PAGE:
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Complete Guide to Below Deck Sailboat Systems: Ventilation, Marine Heads, Water Systems and more

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Delve into the intricacies of below deck sail boat systems with this complete guide. Explore ventilation, marine heads, water systems, stoves and heaters, iceboxes and refrigerators, accommodations, and interiors for a comfortable and efficient sailing experience.

On any boat with accommodations, it is the belowdecks systems that make living aboard (even if only for a weekend) possible. With proper design, installation and maintenance, they can be serviceable and even provide some conveniences and comforts. With poor design, installation or maintenance, they can be an aggravation and can create some interesting character-building situations. In some instances, belowdecks problems can increase the risk of damage to the boat or even personal injury.

Keep in mind when assessing any of these systems that your needs in this area are highly dependent upon how the boat will be used and the size and type of boat that you ultimately select.

For example, the day sailer may only need a bucket for a head, while the marina live-aboard may require a sophisticated sewage treatment system. The weekender on a small pocket cruiser can easily adjust to using a small, single-burner alcohol or kerosene stove, while the serious coastal cruiser on a thirty- to forty-foot boat may find that only a large diesel stove and oven will meet cooking and auxiliary heat requirements.


Every boat should have extensive ventilation. Too much ventilation is rare except in below-freezing weather. In hot weather, adequate ventilation vents heat out of the boat and brings in cool air.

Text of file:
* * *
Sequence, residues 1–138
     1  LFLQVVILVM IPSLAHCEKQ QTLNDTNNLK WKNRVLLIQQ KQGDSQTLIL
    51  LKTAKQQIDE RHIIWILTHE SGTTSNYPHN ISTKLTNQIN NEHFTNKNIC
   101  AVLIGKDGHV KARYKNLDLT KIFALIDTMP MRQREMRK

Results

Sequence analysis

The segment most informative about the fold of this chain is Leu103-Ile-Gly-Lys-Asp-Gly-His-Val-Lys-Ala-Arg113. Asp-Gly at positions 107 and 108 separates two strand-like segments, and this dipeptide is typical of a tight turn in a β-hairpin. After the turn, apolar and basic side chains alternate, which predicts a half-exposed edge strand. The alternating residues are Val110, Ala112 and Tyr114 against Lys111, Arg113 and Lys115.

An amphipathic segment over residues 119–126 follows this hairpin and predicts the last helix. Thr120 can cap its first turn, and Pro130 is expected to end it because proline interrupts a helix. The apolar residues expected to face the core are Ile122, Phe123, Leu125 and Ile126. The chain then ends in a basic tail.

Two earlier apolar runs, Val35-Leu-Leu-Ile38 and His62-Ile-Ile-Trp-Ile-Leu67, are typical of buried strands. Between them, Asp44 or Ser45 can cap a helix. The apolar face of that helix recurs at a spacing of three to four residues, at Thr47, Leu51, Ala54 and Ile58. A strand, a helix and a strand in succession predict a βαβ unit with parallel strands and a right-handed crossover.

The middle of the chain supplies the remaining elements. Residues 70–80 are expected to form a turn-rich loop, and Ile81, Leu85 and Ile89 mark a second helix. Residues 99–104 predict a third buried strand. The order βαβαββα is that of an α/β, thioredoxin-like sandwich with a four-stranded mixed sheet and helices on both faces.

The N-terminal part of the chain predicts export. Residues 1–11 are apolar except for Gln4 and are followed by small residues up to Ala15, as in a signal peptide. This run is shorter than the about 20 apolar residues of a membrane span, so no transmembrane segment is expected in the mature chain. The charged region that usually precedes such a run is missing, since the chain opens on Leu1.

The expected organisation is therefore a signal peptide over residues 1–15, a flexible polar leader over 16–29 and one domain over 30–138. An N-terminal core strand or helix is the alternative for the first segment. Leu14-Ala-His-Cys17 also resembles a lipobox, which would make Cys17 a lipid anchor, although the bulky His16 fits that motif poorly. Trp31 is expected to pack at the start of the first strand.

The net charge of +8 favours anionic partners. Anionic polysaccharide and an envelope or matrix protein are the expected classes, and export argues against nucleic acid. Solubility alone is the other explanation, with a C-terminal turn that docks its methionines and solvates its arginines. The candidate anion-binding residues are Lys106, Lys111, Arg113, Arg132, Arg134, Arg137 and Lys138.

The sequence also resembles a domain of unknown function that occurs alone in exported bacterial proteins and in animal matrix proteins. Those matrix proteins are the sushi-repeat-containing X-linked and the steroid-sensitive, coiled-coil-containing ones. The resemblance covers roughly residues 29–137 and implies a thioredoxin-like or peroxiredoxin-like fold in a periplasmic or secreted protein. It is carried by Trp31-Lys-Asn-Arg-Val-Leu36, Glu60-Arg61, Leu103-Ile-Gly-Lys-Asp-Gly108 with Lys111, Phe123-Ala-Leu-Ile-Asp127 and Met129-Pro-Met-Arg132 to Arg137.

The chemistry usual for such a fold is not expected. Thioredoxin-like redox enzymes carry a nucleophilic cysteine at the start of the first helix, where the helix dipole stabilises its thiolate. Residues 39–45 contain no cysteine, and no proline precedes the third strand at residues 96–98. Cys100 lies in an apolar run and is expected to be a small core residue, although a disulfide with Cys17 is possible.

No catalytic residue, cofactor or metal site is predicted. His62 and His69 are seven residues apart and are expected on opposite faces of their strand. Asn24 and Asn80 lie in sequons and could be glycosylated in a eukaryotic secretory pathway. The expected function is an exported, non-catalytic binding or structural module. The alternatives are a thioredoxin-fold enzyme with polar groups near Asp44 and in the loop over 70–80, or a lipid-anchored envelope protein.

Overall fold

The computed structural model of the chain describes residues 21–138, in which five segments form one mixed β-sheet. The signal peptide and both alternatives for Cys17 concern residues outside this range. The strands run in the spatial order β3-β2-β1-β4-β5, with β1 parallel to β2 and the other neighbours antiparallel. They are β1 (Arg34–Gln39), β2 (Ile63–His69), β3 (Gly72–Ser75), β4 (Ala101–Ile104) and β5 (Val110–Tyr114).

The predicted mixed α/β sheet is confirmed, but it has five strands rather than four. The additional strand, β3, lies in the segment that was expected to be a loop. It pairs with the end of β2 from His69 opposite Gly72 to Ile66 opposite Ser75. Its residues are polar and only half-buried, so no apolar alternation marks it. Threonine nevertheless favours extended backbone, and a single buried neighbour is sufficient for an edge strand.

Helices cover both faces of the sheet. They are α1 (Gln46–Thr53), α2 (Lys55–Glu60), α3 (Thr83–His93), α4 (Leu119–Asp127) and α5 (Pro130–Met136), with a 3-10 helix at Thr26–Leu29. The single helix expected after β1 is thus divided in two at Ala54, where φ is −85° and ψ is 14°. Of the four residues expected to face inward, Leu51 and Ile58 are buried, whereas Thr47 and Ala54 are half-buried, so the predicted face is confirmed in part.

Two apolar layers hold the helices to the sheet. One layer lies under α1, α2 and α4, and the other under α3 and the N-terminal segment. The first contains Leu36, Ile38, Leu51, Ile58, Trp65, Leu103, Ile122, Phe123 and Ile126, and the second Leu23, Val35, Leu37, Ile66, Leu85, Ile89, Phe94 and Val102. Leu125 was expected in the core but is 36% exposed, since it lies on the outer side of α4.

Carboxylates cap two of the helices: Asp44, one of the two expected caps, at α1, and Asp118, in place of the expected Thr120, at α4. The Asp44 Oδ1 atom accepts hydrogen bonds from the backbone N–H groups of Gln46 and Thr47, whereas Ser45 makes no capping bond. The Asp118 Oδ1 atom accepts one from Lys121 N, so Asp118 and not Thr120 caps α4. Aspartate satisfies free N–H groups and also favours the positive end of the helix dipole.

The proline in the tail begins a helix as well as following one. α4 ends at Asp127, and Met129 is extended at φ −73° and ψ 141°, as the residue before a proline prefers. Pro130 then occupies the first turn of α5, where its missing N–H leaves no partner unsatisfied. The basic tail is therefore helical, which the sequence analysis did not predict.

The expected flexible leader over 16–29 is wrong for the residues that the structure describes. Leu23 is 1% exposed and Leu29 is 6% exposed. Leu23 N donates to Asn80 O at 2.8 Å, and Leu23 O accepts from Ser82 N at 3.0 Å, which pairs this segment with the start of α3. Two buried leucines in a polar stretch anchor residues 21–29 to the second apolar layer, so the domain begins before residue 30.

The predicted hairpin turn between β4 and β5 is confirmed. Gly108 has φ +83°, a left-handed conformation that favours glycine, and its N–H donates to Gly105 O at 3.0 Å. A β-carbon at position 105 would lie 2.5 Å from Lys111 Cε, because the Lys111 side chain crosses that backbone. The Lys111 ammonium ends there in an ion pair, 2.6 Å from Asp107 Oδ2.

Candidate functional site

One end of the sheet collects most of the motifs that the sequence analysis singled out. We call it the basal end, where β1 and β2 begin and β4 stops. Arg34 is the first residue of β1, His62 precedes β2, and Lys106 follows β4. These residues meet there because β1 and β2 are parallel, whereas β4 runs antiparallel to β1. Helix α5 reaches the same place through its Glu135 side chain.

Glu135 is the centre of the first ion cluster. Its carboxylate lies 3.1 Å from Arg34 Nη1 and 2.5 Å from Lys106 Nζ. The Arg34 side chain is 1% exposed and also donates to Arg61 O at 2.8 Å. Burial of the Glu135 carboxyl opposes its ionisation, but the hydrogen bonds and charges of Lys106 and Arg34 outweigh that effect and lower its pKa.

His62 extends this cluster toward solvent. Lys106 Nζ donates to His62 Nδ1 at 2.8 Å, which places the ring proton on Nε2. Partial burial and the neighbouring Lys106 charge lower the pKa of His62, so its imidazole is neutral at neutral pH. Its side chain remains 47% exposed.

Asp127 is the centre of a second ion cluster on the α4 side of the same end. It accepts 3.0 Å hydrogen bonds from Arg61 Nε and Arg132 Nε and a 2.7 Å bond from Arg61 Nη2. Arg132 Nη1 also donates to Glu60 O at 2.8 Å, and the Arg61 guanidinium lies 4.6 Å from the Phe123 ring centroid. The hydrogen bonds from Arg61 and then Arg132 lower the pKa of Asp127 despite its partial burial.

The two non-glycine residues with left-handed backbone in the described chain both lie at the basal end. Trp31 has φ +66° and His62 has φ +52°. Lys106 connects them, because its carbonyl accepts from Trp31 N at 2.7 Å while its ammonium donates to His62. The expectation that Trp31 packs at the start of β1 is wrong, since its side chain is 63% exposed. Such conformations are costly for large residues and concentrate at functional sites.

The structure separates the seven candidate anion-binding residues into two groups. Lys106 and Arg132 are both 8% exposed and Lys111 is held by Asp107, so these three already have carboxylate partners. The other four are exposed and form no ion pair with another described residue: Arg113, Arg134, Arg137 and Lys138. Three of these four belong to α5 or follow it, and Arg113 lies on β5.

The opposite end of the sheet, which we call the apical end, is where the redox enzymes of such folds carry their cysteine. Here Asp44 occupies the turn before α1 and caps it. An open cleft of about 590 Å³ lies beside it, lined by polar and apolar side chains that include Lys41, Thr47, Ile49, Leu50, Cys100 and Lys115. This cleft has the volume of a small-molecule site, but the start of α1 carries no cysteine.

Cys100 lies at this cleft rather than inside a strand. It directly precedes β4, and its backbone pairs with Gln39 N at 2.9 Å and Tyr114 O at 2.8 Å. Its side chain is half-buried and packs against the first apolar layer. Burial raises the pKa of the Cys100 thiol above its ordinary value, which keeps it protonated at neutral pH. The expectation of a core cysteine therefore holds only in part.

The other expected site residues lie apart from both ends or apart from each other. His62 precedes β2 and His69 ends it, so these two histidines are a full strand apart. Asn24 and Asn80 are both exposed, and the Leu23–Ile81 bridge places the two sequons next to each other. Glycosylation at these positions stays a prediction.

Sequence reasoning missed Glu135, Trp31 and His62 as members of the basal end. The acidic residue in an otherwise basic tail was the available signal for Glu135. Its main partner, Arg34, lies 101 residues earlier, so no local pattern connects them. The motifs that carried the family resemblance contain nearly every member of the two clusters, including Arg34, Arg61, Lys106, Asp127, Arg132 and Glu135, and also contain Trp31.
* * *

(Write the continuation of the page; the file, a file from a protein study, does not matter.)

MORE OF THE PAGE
At any temperature, good ventilation helps eliminate the all-pervasive dampness of the marine environment and the moisture created by breathing, cooking, and heating in a closed space. Good air turnover is also important to prevent oxygen depletion and pollutant buildup from unvented or poorly functioning stoves and heaters.

Photo of the illuminator
A traditional bronze port with a keeper chain (to hold it open) and dogs (to fasten it watertight)
Source: wikipedia.org

To facilitate ventilation, boats should have a number of opening hatches, opening ports, and dorade vents. Dorade vents should generally be installed on dorade boxes or with water traps, so that rain and seawater will be prevented from coming below.

Scheme of the dorade box
The dorade box (or water trap) lets fresh air in and keeps water out (if properly built) in all except the most severe conditions

Vents or dorades in both the bow and the stern greatly improve air circulation since the natural flow of air on a boat is from the stern to the bow. Provision should be made for complete sealing and securing of all hatches, ports, vents, and dorades in heavy weather.

Typical dorade vent
A dorade vent mounted on a dorade box
Source: wikipedia.org

Inside the boat, air should be allowed to circulate freely within all the cabins and storage spaces. There should be vent holes and louvers in all drawers, doors, bins, and lockers. When a boat is closed up for any length of time, it is important to open all the drawers, doors, hatches, and icebox lids to ensure good air circulation.

Signs of poor air circulation and ventilation include stale, musty air, mold, drawers and doors that stick, condensation, and rot. Poor ventilation is death to a wooden boat.

Marine Heads

Waste discharge is regulated at the federal level, as well as by some state and local jurisdictions. The following is a brief summary of several options currently available. Compliance with applicable law should be checked when you consider any particular marine head system.